A Quiet Groundbreaker

Edward R. Roybal, noted Latino politician, dies at 89

By George Ramos
Published on LatinoLA: October 26, 2005

A Quiet Groundbreaker

Edward R. Roybal, a pioneer in Latino politics in Los Angeles and a godfather and mentor to scores of lawmakers, died Monday of pneumonia, according to the district office of his daughter, Rep. Lucille Roybal-Allard (D-Los Angeles). He was 89.

Roybal, who championed the rights of the underprivileged and the aged during 30 years in Congress, began his political career in 1949 on the Los Angeles City Council as the first person of Mexican descent to sit on the council since 1881; it would take another 23 years before another Mexican American took a seat on the City Council.

"The congressman was a true barrier breaker and a political legend, particularly in the Mexican American community," Los Angeles County Supervisor Gloria Molina, who considered Roybal a mentor, said in a statement today. "Throughout his tenure, he remained committed to Latinos, the elderly, the poor, and the physically challenged."

"A champion for civil rights and social justice like him does not come around every day," Los Angeles Mayor Antonio Villaraigosa said in a statement. "He wanted nothing less than what all Americans strive for - a good job, safe neighborhoods, quality schools and a place to call home."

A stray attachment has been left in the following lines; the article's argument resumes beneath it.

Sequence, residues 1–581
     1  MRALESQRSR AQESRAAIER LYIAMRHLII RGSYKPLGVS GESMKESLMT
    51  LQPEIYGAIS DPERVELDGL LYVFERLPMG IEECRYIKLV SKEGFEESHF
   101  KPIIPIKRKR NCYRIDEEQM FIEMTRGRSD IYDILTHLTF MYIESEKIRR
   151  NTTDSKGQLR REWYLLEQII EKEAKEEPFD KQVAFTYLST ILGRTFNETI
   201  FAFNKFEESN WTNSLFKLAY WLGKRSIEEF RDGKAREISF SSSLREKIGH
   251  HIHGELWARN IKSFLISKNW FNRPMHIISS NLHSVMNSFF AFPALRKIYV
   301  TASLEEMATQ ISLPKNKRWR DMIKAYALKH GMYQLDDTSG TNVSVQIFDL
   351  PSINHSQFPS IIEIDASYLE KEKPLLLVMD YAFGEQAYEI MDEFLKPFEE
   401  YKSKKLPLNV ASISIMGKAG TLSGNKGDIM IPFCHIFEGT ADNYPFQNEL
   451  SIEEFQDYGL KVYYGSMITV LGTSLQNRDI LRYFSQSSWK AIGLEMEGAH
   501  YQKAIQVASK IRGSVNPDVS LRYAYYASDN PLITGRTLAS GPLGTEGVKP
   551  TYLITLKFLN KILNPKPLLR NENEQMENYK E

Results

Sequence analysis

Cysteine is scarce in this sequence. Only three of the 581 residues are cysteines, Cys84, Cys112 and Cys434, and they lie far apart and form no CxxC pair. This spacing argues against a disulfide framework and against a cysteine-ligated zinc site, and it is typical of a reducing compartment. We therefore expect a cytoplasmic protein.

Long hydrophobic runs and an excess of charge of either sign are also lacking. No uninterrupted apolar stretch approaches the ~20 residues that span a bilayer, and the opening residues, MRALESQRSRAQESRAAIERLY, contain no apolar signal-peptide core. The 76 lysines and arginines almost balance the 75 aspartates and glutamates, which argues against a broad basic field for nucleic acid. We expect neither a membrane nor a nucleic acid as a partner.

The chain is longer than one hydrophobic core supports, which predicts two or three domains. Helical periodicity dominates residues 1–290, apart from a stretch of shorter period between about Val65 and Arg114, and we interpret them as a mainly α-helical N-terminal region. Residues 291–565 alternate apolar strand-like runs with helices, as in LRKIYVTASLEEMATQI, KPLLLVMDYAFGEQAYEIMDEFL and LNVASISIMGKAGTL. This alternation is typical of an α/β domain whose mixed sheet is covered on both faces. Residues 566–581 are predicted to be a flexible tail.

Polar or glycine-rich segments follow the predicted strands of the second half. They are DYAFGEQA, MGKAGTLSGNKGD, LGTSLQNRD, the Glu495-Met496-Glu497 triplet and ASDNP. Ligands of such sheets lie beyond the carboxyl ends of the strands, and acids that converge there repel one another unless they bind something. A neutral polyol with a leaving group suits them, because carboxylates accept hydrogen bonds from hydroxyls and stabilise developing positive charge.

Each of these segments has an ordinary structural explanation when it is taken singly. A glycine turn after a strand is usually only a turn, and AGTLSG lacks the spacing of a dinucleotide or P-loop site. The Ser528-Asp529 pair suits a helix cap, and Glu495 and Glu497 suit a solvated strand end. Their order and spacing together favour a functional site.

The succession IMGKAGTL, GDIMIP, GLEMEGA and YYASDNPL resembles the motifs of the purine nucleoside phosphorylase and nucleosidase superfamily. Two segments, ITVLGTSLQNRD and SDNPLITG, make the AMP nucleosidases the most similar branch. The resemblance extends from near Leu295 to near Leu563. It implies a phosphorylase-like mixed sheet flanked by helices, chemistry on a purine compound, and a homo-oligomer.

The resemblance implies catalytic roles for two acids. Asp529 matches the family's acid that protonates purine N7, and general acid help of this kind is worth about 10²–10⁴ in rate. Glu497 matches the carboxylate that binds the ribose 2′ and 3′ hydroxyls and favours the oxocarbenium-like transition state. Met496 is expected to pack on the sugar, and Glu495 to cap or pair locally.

In 1993, Roybal told a Times interviewer that at his first City Council meeting, he was introduced as "our new Mexican councilman who also speaks Mexican."

"I discarded my prepared speech," Roybal said. "My mission was immediately obvious. I'm not Mexican. I am a Mexican American. And I don't speak a word of Mexican. I speak Spanish."

It became his role, he said, to educate his fellow public officials about Latinos and pay special attention to what he felt were the long-neglected needs of his largely Latino constituencies.

One way he did this was to harshly criticize the Los Angeles Police Department for its treatment of minorities, and he had own his story to underscore his contention.

On his first date with his future wife, Lucille, in the early 1940s, a white officer came up behind the teenage couple - they were sharing chili beans and crackers at a stand at 4th and Soto streets in Boyle Heights - and went through Roybal's pockets. The officer then dumped the couple's dinner on the sidewalk, the former congressman told a Times reporter.

"That kind of stuff was happening all the time," Roybal said.

Roybal also was an outspoken opponent of the city land swap that gave the Los Angeles Dodgers prime real estate for a new ballpark in Chavez Ravine, which was largely populated by Mexican Americans, in exchange for Wrigley Field, a minor league baseball stadium at 42nd Place and Avalon Boulevard.

Roybal-Allard later recalled that her father received many angry calls at home from supporters of the deal.

"One man said my father was un-American because he was against baseball and the Dodgers," said Roybal-Allard, now a Democratic member of Congress representing East Los Angeles. "I was a young girl at the time and I tried to convince the man that my dad was right. I wasn't able to."